The sense of self for some is all about memory; for others, it's the embedding of a physical sensing body in a richly textured environment. Another school of thought is that it resides in an understanding of how language works and how the symbols of language acquire meaning or semantics. For others, no amount of technical explanation provides an explanation. For them, it remains a mystery and can't be explained. Many engaged in AI hold sincere religious convictions that place an explanation of self outside the material world. AI lets us study and research questions of real philosophical depth while trying to implement practical applications to immediate problems.
How has the world of AI and intelligent systems changed in the past four years? Of course, the overriding fact is that the world has changed. Pre- and post-9/11 are as significant for our subject (see my editorial "The Shape of Things to Come" in the Sept./Oct. 2001 issue) as anything we've seen in decades. The simple reason is that the applications and challenges have turned very much to issues of national and global security, and to the use of technology for surveillance, data mining, and so on. You'll see this reflected in future issues of Intelligent Systems that will cover homeland security and IS in government.
But security isn't the only global driver of AI. In 1999, a barrel of crude oil cost around US$18 (at today's prices); it currently costs just under $54. This simple fact means that everything from transportation to manufacturing and from health to agriculture needs to run leaner and more intelligently. Oil exploration and extraction, as in the 1980s, is a huge market for knowledge-intensive systems. The commodity markets themselves increasingly use agent technology to find the best deals. Environmental analysis calls for distributed intelligent sensor networks. Deployment opportunities for our work are everywhere.
How are we doing in terms of our technological solutions for these wide-ranging and ubiquitous-deployment opportunities? The thing that has continued to deliver is the hardware. Intel's Pentium 4 is now running at around 3 GHz; back at the end of 1999, the Pentium III was achieving 800 MHz. In the memory stakes, in 1999 decent PCs boasted 256 Mbytes of RAM and a 22-Gbyte hard drive—now 1 Gbyte of RAM and a 300-Gbyte hard drive is common. Indeed, you can buy a 1-Tbyte hard drive for around $1,000. These numbers attest to the continued truth of Moore's law.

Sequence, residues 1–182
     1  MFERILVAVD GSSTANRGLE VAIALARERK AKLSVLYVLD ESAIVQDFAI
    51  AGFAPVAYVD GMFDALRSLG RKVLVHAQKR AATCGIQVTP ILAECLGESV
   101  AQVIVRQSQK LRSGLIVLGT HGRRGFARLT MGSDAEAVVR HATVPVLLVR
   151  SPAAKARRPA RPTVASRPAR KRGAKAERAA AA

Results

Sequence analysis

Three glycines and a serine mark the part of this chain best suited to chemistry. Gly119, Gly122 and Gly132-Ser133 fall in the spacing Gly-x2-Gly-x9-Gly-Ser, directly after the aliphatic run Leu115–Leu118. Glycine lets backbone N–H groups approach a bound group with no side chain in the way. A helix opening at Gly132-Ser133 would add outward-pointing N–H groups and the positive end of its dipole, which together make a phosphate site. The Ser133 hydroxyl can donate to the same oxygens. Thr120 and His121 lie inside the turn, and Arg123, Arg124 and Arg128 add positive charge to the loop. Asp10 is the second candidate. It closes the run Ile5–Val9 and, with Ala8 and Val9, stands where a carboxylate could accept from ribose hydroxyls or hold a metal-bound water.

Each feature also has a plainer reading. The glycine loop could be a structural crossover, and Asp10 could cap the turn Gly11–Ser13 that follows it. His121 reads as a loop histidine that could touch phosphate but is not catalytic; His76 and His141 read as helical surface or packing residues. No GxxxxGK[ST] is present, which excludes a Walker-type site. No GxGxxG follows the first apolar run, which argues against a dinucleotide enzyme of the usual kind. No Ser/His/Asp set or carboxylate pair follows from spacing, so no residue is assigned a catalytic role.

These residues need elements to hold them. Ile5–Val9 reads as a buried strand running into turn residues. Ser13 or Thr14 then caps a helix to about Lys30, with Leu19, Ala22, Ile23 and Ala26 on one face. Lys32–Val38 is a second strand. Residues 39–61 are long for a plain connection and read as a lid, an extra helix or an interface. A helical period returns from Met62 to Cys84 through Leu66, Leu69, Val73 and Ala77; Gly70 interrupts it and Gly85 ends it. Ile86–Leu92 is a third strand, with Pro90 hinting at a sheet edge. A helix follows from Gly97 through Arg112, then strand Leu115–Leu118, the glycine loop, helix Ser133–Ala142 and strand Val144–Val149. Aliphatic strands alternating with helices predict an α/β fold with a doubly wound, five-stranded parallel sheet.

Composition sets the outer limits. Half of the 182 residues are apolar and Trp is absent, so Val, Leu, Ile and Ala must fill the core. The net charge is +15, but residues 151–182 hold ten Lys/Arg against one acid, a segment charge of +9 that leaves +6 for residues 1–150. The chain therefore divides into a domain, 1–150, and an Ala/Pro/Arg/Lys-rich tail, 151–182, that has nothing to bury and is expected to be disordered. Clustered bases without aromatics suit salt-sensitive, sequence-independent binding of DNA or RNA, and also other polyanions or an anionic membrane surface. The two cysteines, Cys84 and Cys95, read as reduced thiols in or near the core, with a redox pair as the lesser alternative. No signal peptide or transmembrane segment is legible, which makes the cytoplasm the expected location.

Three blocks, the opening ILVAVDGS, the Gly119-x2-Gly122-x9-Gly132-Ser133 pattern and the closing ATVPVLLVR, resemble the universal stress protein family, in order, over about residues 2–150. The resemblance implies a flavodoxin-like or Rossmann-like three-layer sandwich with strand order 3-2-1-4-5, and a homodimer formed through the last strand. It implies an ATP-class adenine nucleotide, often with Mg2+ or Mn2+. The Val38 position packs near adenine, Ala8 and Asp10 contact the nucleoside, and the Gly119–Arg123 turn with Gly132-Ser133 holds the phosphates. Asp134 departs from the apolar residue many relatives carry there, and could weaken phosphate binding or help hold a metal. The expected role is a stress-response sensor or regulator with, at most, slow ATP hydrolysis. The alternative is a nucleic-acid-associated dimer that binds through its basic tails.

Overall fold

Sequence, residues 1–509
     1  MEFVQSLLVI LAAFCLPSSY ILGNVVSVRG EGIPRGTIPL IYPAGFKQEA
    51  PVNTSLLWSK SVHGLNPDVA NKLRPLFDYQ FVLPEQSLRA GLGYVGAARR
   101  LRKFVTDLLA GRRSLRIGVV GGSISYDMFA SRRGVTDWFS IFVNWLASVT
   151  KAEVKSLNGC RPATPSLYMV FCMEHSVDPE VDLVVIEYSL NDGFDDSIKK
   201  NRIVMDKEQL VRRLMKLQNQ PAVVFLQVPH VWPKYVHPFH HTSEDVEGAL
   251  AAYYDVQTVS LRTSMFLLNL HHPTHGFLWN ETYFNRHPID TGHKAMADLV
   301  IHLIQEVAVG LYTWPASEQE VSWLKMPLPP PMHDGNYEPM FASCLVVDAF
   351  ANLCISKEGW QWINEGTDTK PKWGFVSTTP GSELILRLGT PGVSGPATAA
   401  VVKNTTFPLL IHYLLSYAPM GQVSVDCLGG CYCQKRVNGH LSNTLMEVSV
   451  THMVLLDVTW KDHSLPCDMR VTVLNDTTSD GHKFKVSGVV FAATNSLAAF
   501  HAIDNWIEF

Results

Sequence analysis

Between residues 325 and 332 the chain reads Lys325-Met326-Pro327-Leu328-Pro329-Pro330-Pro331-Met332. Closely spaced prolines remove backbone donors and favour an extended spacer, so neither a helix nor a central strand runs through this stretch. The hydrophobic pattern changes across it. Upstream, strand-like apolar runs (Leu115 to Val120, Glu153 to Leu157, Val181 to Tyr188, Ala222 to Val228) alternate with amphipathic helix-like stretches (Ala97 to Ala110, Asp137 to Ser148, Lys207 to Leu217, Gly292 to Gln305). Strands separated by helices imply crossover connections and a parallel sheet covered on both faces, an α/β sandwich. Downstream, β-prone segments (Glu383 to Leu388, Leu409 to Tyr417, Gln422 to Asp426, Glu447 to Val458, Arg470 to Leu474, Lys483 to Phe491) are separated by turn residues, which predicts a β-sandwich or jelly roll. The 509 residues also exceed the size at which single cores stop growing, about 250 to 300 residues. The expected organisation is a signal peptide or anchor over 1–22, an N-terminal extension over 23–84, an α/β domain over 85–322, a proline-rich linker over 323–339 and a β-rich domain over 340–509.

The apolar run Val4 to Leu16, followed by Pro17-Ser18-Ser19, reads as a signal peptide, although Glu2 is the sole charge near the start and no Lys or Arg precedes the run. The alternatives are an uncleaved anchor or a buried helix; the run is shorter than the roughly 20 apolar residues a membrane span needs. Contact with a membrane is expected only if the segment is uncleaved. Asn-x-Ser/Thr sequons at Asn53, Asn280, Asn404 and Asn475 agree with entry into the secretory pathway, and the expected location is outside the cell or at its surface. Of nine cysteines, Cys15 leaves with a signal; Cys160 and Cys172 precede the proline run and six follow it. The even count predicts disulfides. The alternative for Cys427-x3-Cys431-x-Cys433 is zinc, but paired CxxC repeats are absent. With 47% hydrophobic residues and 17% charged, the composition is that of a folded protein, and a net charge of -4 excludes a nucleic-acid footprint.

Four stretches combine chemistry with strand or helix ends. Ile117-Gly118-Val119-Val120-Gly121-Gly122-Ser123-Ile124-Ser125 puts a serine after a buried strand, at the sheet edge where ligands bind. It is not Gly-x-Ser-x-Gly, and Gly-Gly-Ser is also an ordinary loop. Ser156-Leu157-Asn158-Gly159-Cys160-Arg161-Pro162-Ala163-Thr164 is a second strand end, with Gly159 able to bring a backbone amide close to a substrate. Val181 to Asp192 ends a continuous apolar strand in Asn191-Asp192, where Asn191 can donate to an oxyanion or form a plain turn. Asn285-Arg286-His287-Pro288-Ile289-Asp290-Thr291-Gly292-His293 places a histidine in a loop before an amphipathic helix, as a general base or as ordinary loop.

The question is, to what extent has hardware, and not our software ingenuity, been responsible for recent developments in AI: grid computing, large-scale data mining, real-time language processing, or intelligent systems for genomics? Is it the smart software or the very, very fast hardware that makes the difference? In my piece "Brute Force and Insight" (Nov./Dec. 2001), I noted how much we owed to these trends in power. What estimate can we make about the contribution of our software solutions? This might be hard to assess quantitatively, but we can see new methods that allow a new kind of IS approach.
These methods include integrating heterogeneous content through ontologies. This is evident in the establishment, over the last few years, of a W3C standard for expressing agreed-upon conceptualizations on the Web. There's an increased emphasis on netcentric solutions that assemble sets of intelligent services to solve particular problems as they arise. We see the increased use of statistical methods to tackle computationally hard problems—methods that remain informed by domain heuristics. Robust robotic platforms are at large in the real world, from unmanned autonomous vehicles to Sony's Aibo.
So, looking into the future, where will the action be—what will my successor observe? I've no doubt that the acceleration of hardware, the proliferation of content, and the increase in bandwidth and miniaturization will continue apace. Things will continue to get smaller and yet more powerful. As early as next year, some mobile phones will contain 2 Gbytes of storage. New paradigms of interaction become possible; new forms of local computation become feasible.
To understand the future, understand your past, or hire a science fiction writer. We've done both of these in our Histories & Futures department. In some ways, not much is new under the sun—from seamless information management as envisaged by Vannevar Bush to robots serving our every need a la Asimov.
Whatever the future holds, what always seems to challenge us are the sociotechnical issues. One of the innovations in this magazine has been our Human-Centered Computing department. The compelling essays in this department are showing how the success or otherwise of our best technologies derive from unanticipated aspects of the way humans modify, repurpose, or subvert any system.
I'll end my time here by paying tribute to all the IEEE Computer Society staff—those on the title and those in the background. Angela Burgess, Dick Price, Crystal Shif, and Dennis, Hilda, Pauline, Dale, Shani, Rebecca, Rita, and Monette—you've all been wonderful. Thanks to all my editorial board and to my Associate Editors in Chief Austin Tate and Bob Laddaga. Thanks to you, the readers—it has been a privilege.